|● If applicable: older passports with Schengen Visas on them|
|● Round-trip flight reservations of bookings|
|● Schengen Travel Insurance with a minimum of 30,000 euros coverage|
|● Proof of accommodation, such as:
➢ A sponsorship letter or accommodation sponsorship letter
➢ Hotel reservations or bookings
➢ Rental agreement confirming that you have rented a room or apartment in a Schengen country
➢ Proof of accommodation in an EU Clinic/Hospital
|● Proof of financial means showing you can afford to cover the medical expenses and other expenses throughout your stay in the Schengen Area.
This can be one of the following:
➢ Your bank account statements for the last 6 months
➢ A sponsorship letter containing your sponsor’s contact details, bank statements, and a copy of their ID or passport
➢ Your last 6 months of bank account statements + a letter of sponsorship (if someone will partially support your medical and trip expenses)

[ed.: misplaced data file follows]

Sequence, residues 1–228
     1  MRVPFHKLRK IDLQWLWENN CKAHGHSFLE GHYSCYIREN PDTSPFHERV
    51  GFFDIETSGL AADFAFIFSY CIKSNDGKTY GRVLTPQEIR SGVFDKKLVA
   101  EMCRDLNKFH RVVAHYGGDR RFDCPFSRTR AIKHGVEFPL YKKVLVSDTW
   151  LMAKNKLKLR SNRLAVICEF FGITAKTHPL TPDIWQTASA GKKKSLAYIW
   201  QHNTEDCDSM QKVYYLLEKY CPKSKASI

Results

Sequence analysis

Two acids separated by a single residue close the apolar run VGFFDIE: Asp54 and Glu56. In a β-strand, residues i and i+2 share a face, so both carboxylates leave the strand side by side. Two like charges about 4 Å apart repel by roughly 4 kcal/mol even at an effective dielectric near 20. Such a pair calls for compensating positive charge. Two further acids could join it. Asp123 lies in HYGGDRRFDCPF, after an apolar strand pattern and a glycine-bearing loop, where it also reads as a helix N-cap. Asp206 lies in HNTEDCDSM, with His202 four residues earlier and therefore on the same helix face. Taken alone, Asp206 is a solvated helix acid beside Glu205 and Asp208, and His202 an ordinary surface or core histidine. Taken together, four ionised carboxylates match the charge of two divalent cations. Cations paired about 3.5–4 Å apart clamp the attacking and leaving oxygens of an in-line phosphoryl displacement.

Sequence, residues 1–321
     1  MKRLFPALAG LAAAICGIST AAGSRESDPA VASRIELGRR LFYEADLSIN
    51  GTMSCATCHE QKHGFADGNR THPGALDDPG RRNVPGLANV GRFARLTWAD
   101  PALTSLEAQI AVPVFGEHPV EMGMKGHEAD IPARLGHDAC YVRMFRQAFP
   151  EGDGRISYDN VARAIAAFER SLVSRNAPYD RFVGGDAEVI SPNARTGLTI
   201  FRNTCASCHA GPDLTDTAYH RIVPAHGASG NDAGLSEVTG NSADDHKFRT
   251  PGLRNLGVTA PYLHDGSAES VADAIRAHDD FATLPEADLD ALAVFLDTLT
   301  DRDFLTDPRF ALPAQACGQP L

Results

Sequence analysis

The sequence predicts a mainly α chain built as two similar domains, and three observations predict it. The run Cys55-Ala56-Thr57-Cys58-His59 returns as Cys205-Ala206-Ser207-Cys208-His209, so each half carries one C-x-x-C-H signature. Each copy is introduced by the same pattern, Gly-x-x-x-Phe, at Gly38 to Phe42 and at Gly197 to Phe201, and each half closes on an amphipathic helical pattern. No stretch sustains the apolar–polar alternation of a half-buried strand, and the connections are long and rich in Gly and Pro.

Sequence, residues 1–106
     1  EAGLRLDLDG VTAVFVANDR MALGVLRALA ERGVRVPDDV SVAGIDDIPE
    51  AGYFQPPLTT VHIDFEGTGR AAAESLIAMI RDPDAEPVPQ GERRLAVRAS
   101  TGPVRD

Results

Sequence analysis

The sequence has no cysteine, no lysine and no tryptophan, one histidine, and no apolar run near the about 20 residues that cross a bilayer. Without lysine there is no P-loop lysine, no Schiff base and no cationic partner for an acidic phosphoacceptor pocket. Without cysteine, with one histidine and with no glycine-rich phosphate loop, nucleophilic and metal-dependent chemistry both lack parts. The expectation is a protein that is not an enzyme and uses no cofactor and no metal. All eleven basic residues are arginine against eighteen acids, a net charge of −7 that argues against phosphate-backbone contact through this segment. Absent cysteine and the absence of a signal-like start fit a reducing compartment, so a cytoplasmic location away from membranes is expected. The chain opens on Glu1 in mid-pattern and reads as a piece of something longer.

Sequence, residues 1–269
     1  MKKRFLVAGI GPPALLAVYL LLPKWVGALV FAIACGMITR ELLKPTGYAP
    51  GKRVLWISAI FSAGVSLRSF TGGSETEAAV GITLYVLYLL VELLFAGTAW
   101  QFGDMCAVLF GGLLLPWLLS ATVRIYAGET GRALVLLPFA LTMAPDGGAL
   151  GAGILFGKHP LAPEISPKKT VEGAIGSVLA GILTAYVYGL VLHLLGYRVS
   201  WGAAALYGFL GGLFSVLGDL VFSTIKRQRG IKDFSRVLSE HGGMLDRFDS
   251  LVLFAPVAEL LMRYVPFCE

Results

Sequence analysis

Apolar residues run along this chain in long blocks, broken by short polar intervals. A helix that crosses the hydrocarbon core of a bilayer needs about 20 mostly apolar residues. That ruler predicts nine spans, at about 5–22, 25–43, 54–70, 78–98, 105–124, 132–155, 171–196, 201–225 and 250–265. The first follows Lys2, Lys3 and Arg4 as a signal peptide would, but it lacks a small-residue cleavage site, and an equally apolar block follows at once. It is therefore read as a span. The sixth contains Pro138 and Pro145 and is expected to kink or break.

➢ Your last 6 months of bank account statements + proof of advance payments for the treatment
➢ Your last 6 months of bank account statements + a Verbal Note from your country’s Ministry of Health stating that the government of your country is paying for your medical treatment
|● Cover letter addressed to the Visa officials outlining your travel purpose|
|● Proof of paid Visa fee|
|● If applicable: Civil status proof (e.g., marriage certificate)|
|● Utility bill as proof of address (only if the utility bill is under your name)|
|● Certified passport copy|
|● Certified birth certificate copy|
|● A letter from a doctor, clinic, or hospital in your country of residence outlining that you need medical treatment|
|● Invitation letter from an EU clinic or hospital confirming your treatment in a Schengen medical institution
Note: Your invitation letter must highlight what kind of medical procedure you will undergo, the cost of the treatment, how you will pay for the treatment, and the hospitalisation dates
|● If available: Correspondence between the sending doctor, clinic, or hospital and the receiving medical institution|
|● If employed:
➢ Employment contract
➢ Leave permission from the employer
➢ Payslips for the last six months
➢ No Objection Certificate (NOC) Letter from Employer
➢ Certificate of Employment (COE)
➢ Personal Income Tax Return (ITR)
|● If self-employed:
➢ Business Registration Certificate
➢ Business licence
➢ Business Income Certificates
➢ Company Bank Statements for the last six months
➢ Company Income Tax Return
|● If you’re a student: